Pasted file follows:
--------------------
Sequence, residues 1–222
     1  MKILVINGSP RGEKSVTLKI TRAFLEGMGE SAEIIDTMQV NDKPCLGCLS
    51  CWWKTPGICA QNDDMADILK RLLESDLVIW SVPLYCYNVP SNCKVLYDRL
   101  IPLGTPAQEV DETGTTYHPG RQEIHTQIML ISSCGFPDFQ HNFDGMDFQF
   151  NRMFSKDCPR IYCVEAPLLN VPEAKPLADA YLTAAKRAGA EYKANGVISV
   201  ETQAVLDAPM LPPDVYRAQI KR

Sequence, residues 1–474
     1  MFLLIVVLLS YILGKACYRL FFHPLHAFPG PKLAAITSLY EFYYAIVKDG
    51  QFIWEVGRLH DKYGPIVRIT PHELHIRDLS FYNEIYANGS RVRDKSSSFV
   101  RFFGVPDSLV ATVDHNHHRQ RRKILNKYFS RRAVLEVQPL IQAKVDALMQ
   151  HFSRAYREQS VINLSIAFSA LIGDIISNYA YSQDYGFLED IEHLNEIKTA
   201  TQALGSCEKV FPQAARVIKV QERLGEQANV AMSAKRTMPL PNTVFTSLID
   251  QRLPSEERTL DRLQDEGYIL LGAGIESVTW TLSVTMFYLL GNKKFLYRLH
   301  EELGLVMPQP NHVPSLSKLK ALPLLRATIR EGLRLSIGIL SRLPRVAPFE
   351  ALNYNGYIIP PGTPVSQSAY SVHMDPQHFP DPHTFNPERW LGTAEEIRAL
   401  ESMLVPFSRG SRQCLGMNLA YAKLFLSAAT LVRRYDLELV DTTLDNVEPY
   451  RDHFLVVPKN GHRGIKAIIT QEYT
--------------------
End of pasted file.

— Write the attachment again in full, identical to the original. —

Sequence, residues 1–222
     1  MKILVINGSP RGEKSVTLKI TRAFLEGMGE SAEIIDTMQV NDKPCLGCLS
    51  CWWKTPGICA QNDDMADILK RLLESDLVIW SVPLYCYNVP SNCKVLYDRL
   101  IPLGTPAQEV DETGTTYHPG RQEIHTQIML ISSCGFPDFQ HNFDGMDFQF
   151  NRMFSKDCPR IYCVEAPLLN VPEAKPLADA YLTAAKRAGA EYKANGVISV
   201  ETQAVLDAPM LPPDVYRAQI KR

Sequence, residues 1–474
     1  MFLLIVVLLS YILGKACYRL FFHPLHAFPG PKLAAITSLY EFYYAIVKDG
    51  QFIWEVGRLH DKYGPIVRIT PHELHIRDLS FYNEIYANGS RVRDKSSSFV
   101  RFFGVPDSLV ATVDHNHHRQ RRKILNKYFS RRAVLEVQPL IQAKVDALMQ
   151  HFSRAYREQS VINLSIAFSA LIGDIISNYA YSQDYGFLED IEHLNEIKTA
   201  TQALGSCEKV FPQAARVIKV QERLGEQANV AMSAKRTMPL PNTVFTSLID
   251  QRLPSEERTL DRLQDEGYIL LGAGIESVTW TLSVTMFYLL GNKKFLYRLH
   301  EELGLVMPQP NHVPSLSKLK ALPLLRATIR EGLRLSIGIL SRLPRVAPFE
   351  ALNYNGYIIP PGTPVSQSAY SVHMDPQHFP DPHTFNPERW LGTAEEIRAL
   401  ESMLVPFSRG SRQCLGMNLA YAKLFLSAAT LVRRYDLELV DTTLDNVEPY
   451  RDHFLVVPKN GHRGIKAIIT QEYT